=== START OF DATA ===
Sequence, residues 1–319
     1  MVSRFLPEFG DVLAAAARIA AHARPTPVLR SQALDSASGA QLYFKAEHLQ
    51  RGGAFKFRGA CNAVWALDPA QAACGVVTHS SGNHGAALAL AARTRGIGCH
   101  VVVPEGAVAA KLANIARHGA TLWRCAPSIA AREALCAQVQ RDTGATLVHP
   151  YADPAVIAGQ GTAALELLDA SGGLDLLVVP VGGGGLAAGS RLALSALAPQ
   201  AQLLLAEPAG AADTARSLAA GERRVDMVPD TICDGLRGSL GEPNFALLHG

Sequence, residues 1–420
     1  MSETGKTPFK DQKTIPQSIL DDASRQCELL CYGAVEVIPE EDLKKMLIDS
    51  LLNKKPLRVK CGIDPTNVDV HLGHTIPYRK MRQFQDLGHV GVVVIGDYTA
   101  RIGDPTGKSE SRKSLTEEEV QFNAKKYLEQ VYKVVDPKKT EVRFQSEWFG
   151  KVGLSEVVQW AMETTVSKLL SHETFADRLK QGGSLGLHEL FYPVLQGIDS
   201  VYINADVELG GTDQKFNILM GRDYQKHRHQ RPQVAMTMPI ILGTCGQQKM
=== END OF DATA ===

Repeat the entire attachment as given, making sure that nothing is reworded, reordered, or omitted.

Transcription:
Sequence, residues 1–319
     1  MVSRFLPEFG DVLAAAARIA AHARPTPVLR SQALDSASGA QLYFKAEHLQ
    51  RGGAFKFRGA CNAVWALDPA QAACGVVTHS SGNHGAALAL AARTRGIGCH
   101  VVVPEGAVAA KLANIARHGA TLWRCAPSIA AREALCAQVQ RDTGATLVHP
   151  YADPAVIAGQ GTAALELLDA SGGLDLLVVP VGGGGLAAGS RLALSALAPQ
   201  AQLLLAEPAG AADTARSLAA GERRVDMVPD TICDGLRGSL GEPNFALLHG

Sequence, residues 1–420
     1  MSETGKTPFK DQKTIPQSIL DDASRQCELL CYGAVEVIPE EDLKKMLIDS
    51  LLNKKPLRVK CGIDPTNVDV HLGHTIPYRK MRQFQDLGHV GVVVIGDYTA
   101  RIGDPTGKSE SRKSLTEEEV QFNAKKYLEQ VYKVVDPKKT EVRFQSEWFG
   151  KVGLSEVVQW AMETTVSKLL SHETFADRLK QGGSLGLHEL FYPVLQGIDS
   201  VYINADVELG GTDQKFNILM GRDYQKHRHQ RPQVAMTMPI ILGTCGQQKM